The whole Sandusky/Penn State story has been tough for me to watch. On the one hand, I think it’s absolutely reprehensible to not report suspected child abuse – especially when that abuse is potentially sexual in nature. (I was trained as a mandatory reporter at one point. It was a role I took/take very seriously.) On the other hand, I was a huge PSU and Paterno fan. I hoped that this whole situation was more complicated than it seemed initially. That it was full of misunderstandings, miscommunications, and misinterpretations that would somehow explain how this terrible situation was allowed to continue for so long. It might sound naive, but I know enough about organizational politics to believe that it really was possible for someone to think they had done their due diligence, and yet have it be misunderstood somewhere up the line. Unfortunately, it’s become very clear, with the release of the Freeh Report, that there were no widespread misunderstandings that can explain it away. I’m still reading through the commentary from the Chronicle of Higher Ed, and I haven’t read the entire report yet, but everything I’ve seen so far says that a small group of powerful men (men who were supposed to be responsible for what happened on their watch) chose not to do something.
The really complicated part is determining where the gap between what each person did do and what each person should have done lies. It’s easy in hindsight to say certain things should have sent up red flags years and years ago. It’s a lot harder to see those things in the moment. It’s also very difficult to reconcile the person you know (and trust) with the image of someone who is doing horrible things. Sports Illustrated has a great article on the report, addressing both the content and the potential shortcomings of Freeh’s investigation. It’s available here.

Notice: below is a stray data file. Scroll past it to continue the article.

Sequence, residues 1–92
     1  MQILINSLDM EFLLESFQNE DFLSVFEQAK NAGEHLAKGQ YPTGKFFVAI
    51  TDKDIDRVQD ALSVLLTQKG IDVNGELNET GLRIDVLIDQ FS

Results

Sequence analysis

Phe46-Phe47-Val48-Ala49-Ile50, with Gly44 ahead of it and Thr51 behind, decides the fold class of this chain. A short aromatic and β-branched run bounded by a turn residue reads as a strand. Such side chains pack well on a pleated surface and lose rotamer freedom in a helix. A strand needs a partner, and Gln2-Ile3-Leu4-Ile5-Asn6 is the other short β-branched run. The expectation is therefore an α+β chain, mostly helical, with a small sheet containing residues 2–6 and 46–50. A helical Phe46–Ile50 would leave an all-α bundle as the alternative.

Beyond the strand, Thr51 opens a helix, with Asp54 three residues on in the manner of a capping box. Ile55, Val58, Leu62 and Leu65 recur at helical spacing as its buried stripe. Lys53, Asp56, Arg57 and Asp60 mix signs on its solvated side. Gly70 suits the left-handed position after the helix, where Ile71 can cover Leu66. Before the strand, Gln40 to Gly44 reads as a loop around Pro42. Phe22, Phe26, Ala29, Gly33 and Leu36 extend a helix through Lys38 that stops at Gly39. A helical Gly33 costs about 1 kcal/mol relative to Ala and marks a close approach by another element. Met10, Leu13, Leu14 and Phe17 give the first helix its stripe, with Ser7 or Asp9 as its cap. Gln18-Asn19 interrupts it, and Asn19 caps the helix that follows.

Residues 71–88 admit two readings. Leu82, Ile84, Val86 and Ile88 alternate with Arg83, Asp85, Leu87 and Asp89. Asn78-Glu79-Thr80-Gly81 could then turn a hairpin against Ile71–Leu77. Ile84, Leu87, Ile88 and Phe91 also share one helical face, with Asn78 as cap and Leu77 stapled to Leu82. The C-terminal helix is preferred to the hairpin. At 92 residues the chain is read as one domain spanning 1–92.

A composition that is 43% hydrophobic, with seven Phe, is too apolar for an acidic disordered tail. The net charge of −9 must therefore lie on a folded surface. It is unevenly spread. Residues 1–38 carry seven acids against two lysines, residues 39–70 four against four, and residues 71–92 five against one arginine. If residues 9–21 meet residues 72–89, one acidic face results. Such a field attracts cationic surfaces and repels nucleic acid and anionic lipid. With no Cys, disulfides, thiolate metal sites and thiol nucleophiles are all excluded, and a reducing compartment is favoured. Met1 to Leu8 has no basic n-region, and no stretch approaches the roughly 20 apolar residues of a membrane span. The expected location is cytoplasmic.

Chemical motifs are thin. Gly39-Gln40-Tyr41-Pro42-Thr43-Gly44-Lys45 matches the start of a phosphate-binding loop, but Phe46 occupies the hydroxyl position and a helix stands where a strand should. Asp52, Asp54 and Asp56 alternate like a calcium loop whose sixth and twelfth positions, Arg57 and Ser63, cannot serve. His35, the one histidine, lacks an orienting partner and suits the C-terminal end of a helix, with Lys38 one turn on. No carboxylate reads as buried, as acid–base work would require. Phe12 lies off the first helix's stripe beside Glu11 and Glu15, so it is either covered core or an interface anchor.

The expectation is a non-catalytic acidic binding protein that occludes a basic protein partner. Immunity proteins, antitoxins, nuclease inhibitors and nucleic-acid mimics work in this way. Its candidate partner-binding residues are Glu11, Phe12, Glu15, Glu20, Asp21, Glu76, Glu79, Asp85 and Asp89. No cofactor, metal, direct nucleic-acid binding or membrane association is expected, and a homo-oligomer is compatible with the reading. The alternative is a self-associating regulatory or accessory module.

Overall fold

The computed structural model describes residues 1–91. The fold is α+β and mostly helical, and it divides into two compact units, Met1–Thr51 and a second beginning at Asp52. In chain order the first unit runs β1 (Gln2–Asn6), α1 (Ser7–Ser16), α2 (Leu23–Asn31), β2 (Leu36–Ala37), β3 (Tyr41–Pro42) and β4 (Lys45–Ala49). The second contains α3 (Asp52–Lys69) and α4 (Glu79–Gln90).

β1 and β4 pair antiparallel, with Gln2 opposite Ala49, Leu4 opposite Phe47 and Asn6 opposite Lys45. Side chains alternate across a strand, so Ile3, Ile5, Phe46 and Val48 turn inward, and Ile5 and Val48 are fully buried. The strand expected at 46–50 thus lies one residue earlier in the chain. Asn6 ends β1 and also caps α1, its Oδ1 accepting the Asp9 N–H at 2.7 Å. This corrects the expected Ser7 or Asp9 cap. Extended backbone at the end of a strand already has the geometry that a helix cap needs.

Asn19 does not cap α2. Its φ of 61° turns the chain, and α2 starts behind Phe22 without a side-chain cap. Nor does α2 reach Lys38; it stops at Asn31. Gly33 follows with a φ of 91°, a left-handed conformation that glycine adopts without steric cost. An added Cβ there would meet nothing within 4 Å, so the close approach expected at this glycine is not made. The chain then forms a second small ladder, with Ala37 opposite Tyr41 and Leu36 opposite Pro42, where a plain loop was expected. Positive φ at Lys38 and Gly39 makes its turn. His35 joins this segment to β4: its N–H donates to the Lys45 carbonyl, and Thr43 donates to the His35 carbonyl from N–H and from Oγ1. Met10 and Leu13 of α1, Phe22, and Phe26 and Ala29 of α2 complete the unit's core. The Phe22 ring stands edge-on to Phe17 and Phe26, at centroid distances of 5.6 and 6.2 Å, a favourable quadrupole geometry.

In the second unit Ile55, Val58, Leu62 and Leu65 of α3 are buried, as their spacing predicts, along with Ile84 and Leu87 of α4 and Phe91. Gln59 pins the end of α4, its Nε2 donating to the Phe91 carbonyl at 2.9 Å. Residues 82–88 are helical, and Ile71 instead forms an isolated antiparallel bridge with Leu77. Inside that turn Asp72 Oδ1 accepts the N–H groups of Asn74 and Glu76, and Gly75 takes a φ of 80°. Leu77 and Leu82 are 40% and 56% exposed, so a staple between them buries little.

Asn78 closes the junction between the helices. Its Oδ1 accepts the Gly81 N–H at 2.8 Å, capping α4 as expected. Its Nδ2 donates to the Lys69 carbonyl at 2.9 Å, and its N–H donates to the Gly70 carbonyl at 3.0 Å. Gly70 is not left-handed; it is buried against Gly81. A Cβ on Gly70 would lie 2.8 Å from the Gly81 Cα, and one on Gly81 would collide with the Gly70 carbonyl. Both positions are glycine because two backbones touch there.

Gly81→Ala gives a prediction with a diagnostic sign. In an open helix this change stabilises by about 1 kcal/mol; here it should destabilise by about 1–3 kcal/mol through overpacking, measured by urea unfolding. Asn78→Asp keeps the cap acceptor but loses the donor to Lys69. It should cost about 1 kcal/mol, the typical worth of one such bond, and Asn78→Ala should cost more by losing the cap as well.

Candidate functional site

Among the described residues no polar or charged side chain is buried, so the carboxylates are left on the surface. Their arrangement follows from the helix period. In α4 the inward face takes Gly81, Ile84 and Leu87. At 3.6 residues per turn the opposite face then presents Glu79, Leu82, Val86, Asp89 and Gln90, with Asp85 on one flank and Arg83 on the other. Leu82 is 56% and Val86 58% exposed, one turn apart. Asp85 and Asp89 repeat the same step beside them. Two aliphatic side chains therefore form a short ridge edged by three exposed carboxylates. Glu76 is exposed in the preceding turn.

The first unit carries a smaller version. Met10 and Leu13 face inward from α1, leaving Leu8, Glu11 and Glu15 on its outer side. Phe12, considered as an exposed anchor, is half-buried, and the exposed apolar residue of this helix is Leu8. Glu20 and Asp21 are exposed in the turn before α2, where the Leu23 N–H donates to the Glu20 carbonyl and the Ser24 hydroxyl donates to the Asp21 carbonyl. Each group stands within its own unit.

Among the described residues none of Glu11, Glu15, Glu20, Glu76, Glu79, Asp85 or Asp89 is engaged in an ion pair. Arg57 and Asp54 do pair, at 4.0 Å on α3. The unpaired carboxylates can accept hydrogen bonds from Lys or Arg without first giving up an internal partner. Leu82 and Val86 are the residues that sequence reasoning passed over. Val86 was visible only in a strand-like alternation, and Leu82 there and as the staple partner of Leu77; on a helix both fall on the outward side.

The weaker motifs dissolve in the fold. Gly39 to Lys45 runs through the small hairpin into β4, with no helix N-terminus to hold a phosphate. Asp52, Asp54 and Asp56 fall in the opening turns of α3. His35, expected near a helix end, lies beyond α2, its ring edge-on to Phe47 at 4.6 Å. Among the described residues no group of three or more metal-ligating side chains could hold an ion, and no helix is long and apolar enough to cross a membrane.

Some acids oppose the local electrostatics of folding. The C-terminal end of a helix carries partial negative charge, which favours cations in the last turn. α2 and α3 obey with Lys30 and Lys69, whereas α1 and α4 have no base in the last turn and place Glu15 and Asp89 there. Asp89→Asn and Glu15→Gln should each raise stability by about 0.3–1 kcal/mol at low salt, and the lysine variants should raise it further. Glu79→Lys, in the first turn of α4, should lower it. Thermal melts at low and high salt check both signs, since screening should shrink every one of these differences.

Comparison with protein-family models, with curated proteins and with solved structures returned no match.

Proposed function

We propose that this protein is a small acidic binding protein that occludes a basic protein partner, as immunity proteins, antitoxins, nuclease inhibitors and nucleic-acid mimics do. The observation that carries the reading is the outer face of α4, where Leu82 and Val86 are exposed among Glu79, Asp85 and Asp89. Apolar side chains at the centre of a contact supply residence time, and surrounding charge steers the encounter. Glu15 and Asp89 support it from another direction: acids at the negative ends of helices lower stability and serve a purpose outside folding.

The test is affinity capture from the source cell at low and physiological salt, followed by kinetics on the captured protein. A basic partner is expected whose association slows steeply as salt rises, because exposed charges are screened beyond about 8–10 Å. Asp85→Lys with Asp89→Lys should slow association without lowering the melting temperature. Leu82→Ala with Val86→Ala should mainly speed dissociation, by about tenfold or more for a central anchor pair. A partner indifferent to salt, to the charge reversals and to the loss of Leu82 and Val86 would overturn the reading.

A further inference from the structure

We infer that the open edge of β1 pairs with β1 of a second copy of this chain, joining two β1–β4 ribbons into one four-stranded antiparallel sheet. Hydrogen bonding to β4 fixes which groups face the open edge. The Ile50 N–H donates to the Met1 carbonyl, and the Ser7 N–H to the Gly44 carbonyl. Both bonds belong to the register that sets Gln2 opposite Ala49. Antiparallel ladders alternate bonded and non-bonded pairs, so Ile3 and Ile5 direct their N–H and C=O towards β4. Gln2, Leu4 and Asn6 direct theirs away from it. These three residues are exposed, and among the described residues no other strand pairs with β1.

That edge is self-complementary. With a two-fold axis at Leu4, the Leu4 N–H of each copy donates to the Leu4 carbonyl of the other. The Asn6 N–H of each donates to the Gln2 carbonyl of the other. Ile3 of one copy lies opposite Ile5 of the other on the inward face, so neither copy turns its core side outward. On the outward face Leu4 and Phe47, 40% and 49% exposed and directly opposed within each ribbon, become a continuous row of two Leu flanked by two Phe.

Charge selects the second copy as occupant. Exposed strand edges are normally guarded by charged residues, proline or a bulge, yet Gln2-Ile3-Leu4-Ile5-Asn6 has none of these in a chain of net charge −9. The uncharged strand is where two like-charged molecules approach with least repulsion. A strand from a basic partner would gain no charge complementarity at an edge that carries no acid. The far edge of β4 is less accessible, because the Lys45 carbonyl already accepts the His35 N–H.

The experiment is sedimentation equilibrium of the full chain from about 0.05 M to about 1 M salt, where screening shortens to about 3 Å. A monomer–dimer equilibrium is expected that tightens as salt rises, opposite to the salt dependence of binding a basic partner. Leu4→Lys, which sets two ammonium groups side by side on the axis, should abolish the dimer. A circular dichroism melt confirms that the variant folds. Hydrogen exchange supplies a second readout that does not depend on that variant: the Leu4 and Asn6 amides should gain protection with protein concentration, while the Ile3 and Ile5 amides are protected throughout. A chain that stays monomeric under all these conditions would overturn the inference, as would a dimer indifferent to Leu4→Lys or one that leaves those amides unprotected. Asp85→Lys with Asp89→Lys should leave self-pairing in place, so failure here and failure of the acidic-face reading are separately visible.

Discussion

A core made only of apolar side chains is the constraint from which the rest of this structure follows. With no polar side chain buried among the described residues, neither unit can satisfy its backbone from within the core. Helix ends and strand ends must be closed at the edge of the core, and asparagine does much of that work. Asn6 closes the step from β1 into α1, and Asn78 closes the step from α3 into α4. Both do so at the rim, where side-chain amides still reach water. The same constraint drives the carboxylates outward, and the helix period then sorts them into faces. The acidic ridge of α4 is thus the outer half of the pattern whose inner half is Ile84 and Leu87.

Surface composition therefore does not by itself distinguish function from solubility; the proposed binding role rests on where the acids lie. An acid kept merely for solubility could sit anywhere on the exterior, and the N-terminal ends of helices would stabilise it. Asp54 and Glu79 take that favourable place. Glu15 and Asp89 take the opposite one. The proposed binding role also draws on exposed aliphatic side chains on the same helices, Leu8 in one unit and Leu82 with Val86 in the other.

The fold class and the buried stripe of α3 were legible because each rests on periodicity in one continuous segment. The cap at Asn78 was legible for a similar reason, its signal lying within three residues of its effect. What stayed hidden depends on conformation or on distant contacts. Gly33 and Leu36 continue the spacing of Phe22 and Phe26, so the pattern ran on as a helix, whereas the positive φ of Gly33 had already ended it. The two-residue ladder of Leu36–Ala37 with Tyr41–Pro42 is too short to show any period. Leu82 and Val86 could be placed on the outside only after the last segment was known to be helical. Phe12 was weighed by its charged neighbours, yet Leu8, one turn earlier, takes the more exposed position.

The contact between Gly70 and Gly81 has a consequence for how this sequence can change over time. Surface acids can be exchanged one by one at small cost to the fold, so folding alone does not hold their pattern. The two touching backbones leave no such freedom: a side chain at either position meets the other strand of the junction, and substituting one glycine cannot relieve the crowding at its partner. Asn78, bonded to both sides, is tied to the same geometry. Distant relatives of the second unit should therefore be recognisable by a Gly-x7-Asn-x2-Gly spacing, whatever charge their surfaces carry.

I don’t excuse anyone’s actions. But I’m also not shocked. Anyone who is shocked about the failure of an academic institution to report crimes should look at some of the most infamous Cleary Act violations. (The standard reference is to the Laura Dickinson case at Eastern Michigan University, but more run of the mill examples are the 2011 violations at University of Vermont, University of Northern Iowa, and Washington State University, summarized here.)
For the record – I love working in higher ed. I know I work at a university in part because I am legitimately dedicated to the success of our students. That success includes ensuring their safety. I would report something I didn’t think was right in a heartbeat – either to my supervisor or campus security. And if I ever saw something that would suggest child abuse, I would be on the phone immediately calling it in (and hopefully physically stopping it). That being said – I work in a library. There is no excuse for physical contact or nudity in my sphere of influence, so it’s pretty clear when something is not right. I would imagine that line gets a little less easily defined when in the athletic department.
Edited to add:
I’ve been sitting on this for about a week. I wanted to make sure I wasn’t misconstruing anything, as more information came out. Honestly – the more I hear, the worse it gets. The worst thing I’ve heard so far (apart from Paterno renegotiating a favorable contract AFTER the investigation started) is the story about the two custodians who saw something, discussed it, and decided not to report it because they were worried about being fired. I know jobs are hard to come by, and I know a job in facilities at a university is a good job, but come on. You see a child being abused and you don’t do ANYTHING? I would be shocked if these men weren’t unionized (most staff in academic institutions are), and they would have had backing from their union and could have fought it. I get culture, I get how hard it would have been to go against that culture, but how could you live with yourself?